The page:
Education may help offset damage in early Alzheimer's

04/22/2013 | MolecularImaging.net

Researchers using 18F-FDG-PET have found that patients with early-stage Alzheimer's disease who achieved higher levels of education show signs of cognitive reserve. The study published in The Journal of Nuclear Medicine identified neural networks in the prefrontal cortex that help offset the effects of damage that occurs in the early stages of the disease. "The present findings suggest that highly educated prodromal [Alzheimer's] patients can cope better with the disease thanks to neural reserve but also to the recruitment of compensatory neural networks in which the right [dorsolateral prefrontal cortex] plays a key role," researchers said.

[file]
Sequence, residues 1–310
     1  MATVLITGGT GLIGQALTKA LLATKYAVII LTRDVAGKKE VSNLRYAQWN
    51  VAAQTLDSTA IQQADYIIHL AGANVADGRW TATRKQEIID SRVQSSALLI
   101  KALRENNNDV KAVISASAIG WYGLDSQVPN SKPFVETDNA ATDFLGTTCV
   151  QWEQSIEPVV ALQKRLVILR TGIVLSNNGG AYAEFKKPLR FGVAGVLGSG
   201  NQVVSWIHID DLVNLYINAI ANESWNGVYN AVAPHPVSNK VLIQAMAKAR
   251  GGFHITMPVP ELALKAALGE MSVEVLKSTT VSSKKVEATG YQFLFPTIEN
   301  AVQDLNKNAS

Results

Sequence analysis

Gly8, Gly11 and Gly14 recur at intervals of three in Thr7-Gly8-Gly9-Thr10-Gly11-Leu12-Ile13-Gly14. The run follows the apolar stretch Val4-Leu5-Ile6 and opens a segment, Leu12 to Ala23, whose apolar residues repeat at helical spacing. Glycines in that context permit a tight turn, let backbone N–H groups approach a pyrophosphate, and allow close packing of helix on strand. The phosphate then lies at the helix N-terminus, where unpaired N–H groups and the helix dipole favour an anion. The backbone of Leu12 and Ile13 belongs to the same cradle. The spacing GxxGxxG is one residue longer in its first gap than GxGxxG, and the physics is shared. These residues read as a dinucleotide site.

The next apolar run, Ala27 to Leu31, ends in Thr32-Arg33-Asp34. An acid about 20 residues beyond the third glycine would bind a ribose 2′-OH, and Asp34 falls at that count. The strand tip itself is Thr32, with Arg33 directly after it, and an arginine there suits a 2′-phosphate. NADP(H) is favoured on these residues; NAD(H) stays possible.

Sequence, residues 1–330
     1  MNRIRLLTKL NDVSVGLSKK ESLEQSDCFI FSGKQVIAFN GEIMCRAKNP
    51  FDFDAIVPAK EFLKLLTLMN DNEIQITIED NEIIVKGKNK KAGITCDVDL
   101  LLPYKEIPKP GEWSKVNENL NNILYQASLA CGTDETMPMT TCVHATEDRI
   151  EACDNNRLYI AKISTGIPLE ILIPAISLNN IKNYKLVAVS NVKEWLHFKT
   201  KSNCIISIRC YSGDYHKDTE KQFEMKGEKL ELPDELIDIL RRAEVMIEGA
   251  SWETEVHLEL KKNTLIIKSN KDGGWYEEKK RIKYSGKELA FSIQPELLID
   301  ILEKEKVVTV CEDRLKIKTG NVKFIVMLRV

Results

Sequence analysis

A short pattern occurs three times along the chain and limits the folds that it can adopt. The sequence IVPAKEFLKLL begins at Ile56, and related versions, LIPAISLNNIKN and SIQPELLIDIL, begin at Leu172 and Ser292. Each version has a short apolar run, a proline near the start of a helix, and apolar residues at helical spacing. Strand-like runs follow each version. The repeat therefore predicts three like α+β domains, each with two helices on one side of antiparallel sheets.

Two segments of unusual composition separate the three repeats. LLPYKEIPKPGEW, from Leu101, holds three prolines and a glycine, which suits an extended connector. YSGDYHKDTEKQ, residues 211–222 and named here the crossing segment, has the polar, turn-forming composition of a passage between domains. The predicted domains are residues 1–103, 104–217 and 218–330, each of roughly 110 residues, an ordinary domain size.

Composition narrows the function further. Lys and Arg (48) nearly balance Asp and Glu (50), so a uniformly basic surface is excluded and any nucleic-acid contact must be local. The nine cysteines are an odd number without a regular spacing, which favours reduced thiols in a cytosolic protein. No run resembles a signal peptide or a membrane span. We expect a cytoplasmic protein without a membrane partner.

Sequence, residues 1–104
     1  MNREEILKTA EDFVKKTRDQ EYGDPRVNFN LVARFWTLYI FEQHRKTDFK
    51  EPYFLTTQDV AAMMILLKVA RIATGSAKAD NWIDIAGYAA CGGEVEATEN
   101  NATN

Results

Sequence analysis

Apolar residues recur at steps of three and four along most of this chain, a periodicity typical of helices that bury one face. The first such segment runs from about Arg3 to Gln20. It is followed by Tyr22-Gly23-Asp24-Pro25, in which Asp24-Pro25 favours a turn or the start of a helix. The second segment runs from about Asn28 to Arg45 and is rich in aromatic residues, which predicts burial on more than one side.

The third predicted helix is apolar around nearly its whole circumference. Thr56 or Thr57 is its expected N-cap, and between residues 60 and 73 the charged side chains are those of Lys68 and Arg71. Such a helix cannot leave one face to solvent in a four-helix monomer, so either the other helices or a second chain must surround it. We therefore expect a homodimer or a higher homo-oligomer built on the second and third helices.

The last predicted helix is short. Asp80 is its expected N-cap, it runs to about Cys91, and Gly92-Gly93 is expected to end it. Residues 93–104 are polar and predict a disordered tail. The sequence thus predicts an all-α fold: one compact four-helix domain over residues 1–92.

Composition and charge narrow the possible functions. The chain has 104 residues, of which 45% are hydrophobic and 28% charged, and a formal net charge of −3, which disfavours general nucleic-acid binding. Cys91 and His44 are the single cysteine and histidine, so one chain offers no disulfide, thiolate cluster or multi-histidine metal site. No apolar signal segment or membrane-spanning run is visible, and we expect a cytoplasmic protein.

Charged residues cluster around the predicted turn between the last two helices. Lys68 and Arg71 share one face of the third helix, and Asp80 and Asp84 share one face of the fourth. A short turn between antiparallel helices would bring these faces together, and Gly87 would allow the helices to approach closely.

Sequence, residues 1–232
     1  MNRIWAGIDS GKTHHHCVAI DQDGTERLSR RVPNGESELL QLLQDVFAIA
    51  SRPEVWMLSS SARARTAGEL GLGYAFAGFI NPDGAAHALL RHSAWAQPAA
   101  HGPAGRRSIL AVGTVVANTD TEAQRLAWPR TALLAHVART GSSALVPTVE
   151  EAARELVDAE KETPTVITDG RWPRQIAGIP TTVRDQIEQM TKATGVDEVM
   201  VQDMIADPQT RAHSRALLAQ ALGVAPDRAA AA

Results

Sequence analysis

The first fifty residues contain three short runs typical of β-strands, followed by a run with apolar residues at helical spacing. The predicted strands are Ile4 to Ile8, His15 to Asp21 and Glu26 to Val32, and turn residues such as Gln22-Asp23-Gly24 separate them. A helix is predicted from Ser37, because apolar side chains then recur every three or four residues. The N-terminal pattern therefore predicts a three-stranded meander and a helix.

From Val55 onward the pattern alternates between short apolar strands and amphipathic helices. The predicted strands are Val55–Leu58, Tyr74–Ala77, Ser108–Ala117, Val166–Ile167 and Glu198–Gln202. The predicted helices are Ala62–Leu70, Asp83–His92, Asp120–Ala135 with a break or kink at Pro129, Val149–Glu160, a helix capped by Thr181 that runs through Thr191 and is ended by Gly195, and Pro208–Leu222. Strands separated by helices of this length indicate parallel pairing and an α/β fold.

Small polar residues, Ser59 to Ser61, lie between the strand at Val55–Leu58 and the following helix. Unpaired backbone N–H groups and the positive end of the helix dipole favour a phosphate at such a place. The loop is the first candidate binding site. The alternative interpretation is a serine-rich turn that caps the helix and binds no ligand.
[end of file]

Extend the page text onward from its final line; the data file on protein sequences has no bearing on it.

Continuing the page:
View Full Article in:

MolecularImaging.net

Published in Brief:

SmartBrief Job Listings for Health Care

Job Title Company Location
Program Coordinator/Lecturer for the Regulatory Science program
Johns Hopkins University
Washington, DC
MGR POST MARKET STUDIES - 14000001LK
Abbott
Santa Ana, CA
Senior Financial Analyst - Growing Manager Care Health Org
Fallon Community Health Plan
Worcester, MA
Senior or Principal Consultant
PAREXEL International
Nationwide, SL_Nationwide
Chief Executive Officer
UCare Minnesota
Minneapolis, MN